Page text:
The House of Representatives recently passed its version of the Build Back Better reconciliation bill (H.R. 5376). As the AICPA® continues its tax advocacy efforts on behalf of the profession, here is an update of our efforts on the pending reconciliation bill. As we strive to promote good tax policy and consider the legislation's impact on the profession, proposed tax changes in various iterations of the legislation generated the AICPA’s input and written comments.
Our tax advocacy efforts began with the FY2021 budget resolution, which laid the groundwork for the reconciliation bill. Our related advocacy is expected to continue into next year as we prepare for the Treasury and IRS implementation of the Build Back Better Act. While the Senate still must prepare and pass its version of the reconciliation bill and send it back to the House for passage, we expect that a final bill will pass by the end of 2021 or possibly early into 2022. The following tax proposals and topics drew considerable AICPA input:
IRS regulation of paid tax-return preparers — The AICPA supports H.R. 4184, the Taxpayer Protection and Preparer Proficiency Act of 2021. While the relevant language on this topic was not included in the House reconciliation bill, the Senate could still choose to include a proposal that gives the IRS authority to regulate all preparers. The AICPA included recent comments on this topic in a comprehensive letter to Congress about the tax reconciliation legislation.
Qualified business income deduction improvements — The AICPA supports eliminating the specified service trade or business distinction and recommends other modifications to the section 199A deduction. The House-passed reconciliation bill does not include any changes to this deduction, and we do not anticipate that the Senate reconciliation bill will include relevant language.
Valuation issues — The AICPA raised concerns with the House Ways and Means Committee version and the Treasury Green Book proposal’s valuation issues and the treatment of gift and death transfers of appreciated property as realization events. AICPA advocacy efforts were successful as of now, and these provisions were not included in the House-passed version.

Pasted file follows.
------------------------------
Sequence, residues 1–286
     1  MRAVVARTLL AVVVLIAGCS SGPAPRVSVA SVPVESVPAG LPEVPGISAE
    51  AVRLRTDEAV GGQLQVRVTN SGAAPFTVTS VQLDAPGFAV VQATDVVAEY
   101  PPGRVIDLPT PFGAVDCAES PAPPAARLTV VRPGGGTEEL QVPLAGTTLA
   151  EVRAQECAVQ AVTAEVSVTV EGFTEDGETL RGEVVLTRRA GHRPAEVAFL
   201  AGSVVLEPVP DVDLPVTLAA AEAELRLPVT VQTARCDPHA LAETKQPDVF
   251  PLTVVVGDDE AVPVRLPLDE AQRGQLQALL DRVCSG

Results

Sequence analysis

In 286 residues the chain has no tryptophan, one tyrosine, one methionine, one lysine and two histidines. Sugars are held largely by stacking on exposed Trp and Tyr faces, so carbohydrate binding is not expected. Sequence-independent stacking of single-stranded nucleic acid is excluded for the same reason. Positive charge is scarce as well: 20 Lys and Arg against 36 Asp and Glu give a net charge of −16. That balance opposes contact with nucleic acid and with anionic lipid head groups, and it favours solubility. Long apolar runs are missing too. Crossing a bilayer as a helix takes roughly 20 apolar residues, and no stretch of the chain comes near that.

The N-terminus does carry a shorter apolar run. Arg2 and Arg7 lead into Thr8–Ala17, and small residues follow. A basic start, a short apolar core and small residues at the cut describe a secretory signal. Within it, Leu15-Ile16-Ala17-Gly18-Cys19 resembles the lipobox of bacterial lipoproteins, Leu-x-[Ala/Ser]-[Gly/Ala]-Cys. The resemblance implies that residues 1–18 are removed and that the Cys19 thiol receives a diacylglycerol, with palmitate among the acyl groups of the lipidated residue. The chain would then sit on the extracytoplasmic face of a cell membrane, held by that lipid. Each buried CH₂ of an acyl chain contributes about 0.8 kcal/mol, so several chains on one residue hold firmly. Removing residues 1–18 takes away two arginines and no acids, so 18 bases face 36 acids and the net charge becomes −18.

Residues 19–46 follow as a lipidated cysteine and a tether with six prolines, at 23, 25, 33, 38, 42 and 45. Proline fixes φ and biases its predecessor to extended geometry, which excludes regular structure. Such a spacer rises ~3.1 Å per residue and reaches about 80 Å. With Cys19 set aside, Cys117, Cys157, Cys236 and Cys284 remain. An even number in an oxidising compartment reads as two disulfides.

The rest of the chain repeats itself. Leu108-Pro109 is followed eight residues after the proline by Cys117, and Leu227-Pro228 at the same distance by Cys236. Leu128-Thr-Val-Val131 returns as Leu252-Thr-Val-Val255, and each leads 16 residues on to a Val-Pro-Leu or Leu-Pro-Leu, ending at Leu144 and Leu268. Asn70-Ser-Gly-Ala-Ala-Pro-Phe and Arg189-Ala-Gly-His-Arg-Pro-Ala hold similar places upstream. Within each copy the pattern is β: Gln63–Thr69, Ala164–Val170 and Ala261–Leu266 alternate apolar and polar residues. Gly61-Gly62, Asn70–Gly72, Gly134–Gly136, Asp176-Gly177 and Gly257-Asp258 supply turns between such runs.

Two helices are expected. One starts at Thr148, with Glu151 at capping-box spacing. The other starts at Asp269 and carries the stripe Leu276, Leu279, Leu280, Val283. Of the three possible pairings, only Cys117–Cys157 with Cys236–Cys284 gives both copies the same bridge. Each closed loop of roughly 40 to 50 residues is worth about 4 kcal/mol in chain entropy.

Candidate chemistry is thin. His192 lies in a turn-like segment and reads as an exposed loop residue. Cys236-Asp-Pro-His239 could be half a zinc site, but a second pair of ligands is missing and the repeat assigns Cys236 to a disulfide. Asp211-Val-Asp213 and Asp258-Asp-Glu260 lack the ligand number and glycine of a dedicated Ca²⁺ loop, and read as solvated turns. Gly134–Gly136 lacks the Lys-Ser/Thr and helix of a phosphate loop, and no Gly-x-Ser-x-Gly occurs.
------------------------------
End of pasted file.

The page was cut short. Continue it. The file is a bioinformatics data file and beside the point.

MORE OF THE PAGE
Centralized partnership audit regime technical modifications — The AICPA supports and encourages Congress to include the Treasury Green Book proposal technical modifications that provide parity to centralize partnership audit regime (CPAR) partners and non-CPAR partners in the reconciliation legislation. Unfortunately, the proposal is not included in the House-passed bill.
Penalty relief related to early sunset of the Employee Retention Credit (ERC) - The IRS issued guidance related to the early sunset of the ERC due to the enactment of the Infrastructure Investment and Jobs Act (IIJA). The guidance provides penalty relief to employers that either filed Form 7200 to claim an advance on the credit or that held back payroll tax deposits in anticipation of receiving the credit related to Q4 2021 wages. The AICPA is pleased with the guidance, which we requested through a letter to Congress.
Corporate profits (book income) minimum tax — The AICPA recommends that Congress reconsider and clarify the rules associated with the bill provision that would implement a minimum tax on corporate adjusted financial statement income.
Proposed reforms to Subchapter K partnership taxation — The AICPA expressed concerns with Chairman Wyden’s proposed Subchapter K partnership taxation changes and encouraged the Senate to follow the House by not including these changes in the reconciliation legislation.
IRS penalties procedures modifications — The AICPA opposes the proposal to modify IRS procedural requirements for assessment of penalties and urged Congress not to include this provision in the legislation. The House-passed legislation includes this provision.
Simplification recommendations — The AICPA recommends Congress consider noncontroversial technical simplification proposals to include in the tax legislation.
The AICPA will continue to advocate on these important issues as the 2021 tax reconciliation legislation proceeds in Congress, and we will continue to keep members informed of developments. Below is a reminder and links to the various iterations of the legislation and their status:
Sept. 13 — Release of the House Ways and Means Committee release (text, section-by-section summary, section-by-section summary on credits and incentives, tax provisions list, press release, Joint Committee on Taxation (JCT) section-by-section, description of revenue raisers, revenue estimate on revenue raisers, revenue estimate on credits and incentives, and distributional analysis) and passage within two days (on September 15) of the tax provisions in the reconciliation legislation
Nov. 3 — Release of the Manager’s Amendment to the Rules Committee version (comparative text, section-by-section summary, JCT revenue estimate), which was slightly updated within a day with an amendment on the state tax deduction and an amendment on other technical changes.
Nov. 18 — Congressional Budget Office release of H.R. 5376 revenue estimate cost summary, House Ways and Means Committee Title XIII budgetary effects, and estimated revenue effects of increased IRS funding not included in the cost summary.